For the lower-body section, a chair is needed for balance. The feet are placed in a narrow V and lifted from the floor, and from this position deep thigh bends are done. Other standing thigh work, such as deep pliés, follows.
   “Knee dancing” is featured next. Sitting back on the feet, an exerciser pushes their hips up off the feet and forward, repeating this action over and over.
   The “pretzel,” a nightmarish move, involves sitting on the ground and swinging both legs to one side. While leaning on one’s arms to the opposite side, the background leg is lifted off the ground. It’s very hard, and thankfully Effinger shows a modification – leaning completely over on one side on the elbows, which makes it easier to lift the leg.
   An abdominals section comes next. Gripping the broomstick with both hands, an exerciser leans back and does little crunches, then proceeds to move the stick above the head and back down again.
   The hips are worked last with a series of pelvic lifts.
   A welcome final stretch concludes the workout.

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Friday, November 12, 2010

Review of The New York City Ballet Workout

“Ballet is for each dancer a private affair of the soul,” remarks Peter Martins, balletmaster in chief of the New York City Ballet, during the closing stretches of the New York City Ballet Workout.
   It’s just one of the touches that made me feel a bit like a real ballet dancer while following the DVD.
   The workout is chock-full of passés, relevés, tendus and arabesques, all set to ballet music.
   And Martins narrates it all as actual ballet dancers complete the moves.
   The DVD answers a question I’ve always had: Do ballet dancers do abdominal work or push-ups?
   Yes, they do! Crunches, bicycles and push-ups were all present in the workout.
    Floor exercises came first after the warm-up and before the standing ballet poses, an approach I liked. Usually, it’s standing exercises before floor or mat exercises in many other workouts, but I was happy to get crunches and push-ups out of the way first.
   Also included in the floor work are leg lifts done while lying on the back and the side, and back work done by lifting the arms and legs while lying face down.
   There is one section I skipped on the DVD: Section 4, which is a series of slow and deep stretches. I prefer to stretch deeply after a workout, and so breezed past this.
   After the floor sections, the standing dance work begins.
   Here we encounter the moves Martins says ballet dancers do every day – plié (bending at the knees), relevé (lifting up the heels), degagé (lifting the leg off the ground), tendu (pointing the toe to the ground in the front, side and back), passé (lifting the toe to the knee of the opposite leg), and arabesque (lifting one leg to the back at a 45, then 90-degree angle to the floor).
   It is all great fun, and I definitely felt the impact later in my thighs and butt.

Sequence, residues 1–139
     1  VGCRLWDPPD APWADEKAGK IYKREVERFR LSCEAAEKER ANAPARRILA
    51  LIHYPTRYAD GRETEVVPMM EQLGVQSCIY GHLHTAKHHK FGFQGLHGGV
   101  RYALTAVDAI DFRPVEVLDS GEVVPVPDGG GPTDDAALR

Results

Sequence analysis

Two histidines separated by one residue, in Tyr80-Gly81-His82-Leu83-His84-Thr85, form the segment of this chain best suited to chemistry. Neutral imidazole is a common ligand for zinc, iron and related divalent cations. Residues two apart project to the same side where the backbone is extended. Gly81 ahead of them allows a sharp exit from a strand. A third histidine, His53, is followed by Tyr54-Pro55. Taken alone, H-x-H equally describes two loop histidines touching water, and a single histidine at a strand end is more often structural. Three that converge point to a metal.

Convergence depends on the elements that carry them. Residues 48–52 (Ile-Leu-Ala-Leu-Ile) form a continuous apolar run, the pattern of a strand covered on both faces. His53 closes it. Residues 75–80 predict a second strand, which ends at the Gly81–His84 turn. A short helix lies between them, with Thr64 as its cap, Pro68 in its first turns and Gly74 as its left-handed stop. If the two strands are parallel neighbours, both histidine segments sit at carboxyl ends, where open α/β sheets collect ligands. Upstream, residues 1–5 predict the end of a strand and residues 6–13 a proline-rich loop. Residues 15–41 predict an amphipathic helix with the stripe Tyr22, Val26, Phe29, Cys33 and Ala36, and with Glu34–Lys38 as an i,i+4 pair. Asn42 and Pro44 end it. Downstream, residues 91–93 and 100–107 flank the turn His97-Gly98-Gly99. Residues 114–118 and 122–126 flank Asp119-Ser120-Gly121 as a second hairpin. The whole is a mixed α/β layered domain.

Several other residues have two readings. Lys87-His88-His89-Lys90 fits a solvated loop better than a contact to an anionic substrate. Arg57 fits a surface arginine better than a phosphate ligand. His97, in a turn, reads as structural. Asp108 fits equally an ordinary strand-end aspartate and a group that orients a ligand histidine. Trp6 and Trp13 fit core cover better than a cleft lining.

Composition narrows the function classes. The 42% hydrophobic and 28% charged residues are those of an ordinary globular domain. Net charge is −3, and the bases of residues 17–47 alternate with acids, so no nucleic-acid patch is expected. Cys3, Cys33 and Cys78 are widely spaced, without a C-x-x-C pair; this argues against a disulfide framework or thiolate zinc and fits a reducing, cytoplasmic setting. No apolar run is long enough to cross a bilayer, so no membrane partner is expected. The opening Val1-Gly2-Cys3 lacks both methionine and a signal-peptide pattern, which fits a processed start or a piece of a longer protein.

The thing I like most about this DVD, though, is that it forces me to keep my tummy pulled in all the time.
   It just doesn’t feel right doing ballet with your stomach hanging out – it seems to be counterproductive.
   People who like a lightning-paced workout with a techno beat backing it may be disappointed with the New York City Ballet Workout.
   Although it is certainly challenging, it is subdued.
   But if you’re a fan of classical music, ballet, or of holding your stomach in while you work out, this DVD is for you.

The New York City Ballet Workout on amazon.ca

Another good ballet-based workout: Trudie Styler's Sculpt and Tone Ballet

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Tuesday, November 9, 2010

Review of Keeping Fit: Strength, Pilates and Cardio

The Keeping Fit series of DVDs is targeted at women in their 40s, 50s and 60s.
   But I’m 36, and I was sweating like crazy and getting a fantastic workout with the DVDs, particularly with the one called Strength.
   I think most people will find the DVDs to be challenging, except perhaps the most advanced exercisers.
   The DVDs, called Keeping Fit Strength, Keeping Fit Pilates and Keeping Fit Cardio are available individually or in a package of three.
   Andrea Metcalf, who designed and hosts the workouts, is extremely personable and motivating.
   She offers plenty of easier and harder modifications for all the exercises, allowing beginners to give them a good try, and to challenge people who are getting fitter and stronger.
   Each DVD workout is about 50 minutes long, and is comprised of 10 five-minute segments, including a warm-up and cooldown. Beginners can sample a few segments if getting through an entire workout is too difficult.
   The Strength workout, which really got me sweating, requires hand weights.
   Metcalf uses compound movements to work the body – this is moving the upper and lower body at the same time. Examples of these exercises are squats and bicep curls and shoulder press with reverse lunge.
   She also offers balance challenges to work the core, such as balancing on one leg and lifting the arms to the side.
   The workout then heads to the mat, and includes moves such as the tuck and roll and pelvic lifts.
   The Pilates DVD was like a dream come true for me – the workout was so doable!
   It was unlike any Pilates DVD workout I have done or seen. There wasn’t a constant emphasis on keeping the legs at a 45-degree angle to the floor, and there was no Pilates 100!
   However, there are some moves that resembled classic Pilates, such as small leg circles and roll-ups.
   Rather than a full-blown Pilates workout, this DVD more like a total body toner done on a mat – and it’s challenging.
   There are exercises done from a position of lying on the ground facing up, such as tapping one leg to the ground at a time, pelvic lifts, and tricep dips.
   Other exercises face the ground. One starts with all fours on the floor, then lifting an opposite arm and leg for a balance challenge, while another is lying with the whole body on the ground, then lifting the arms and legs to work the back.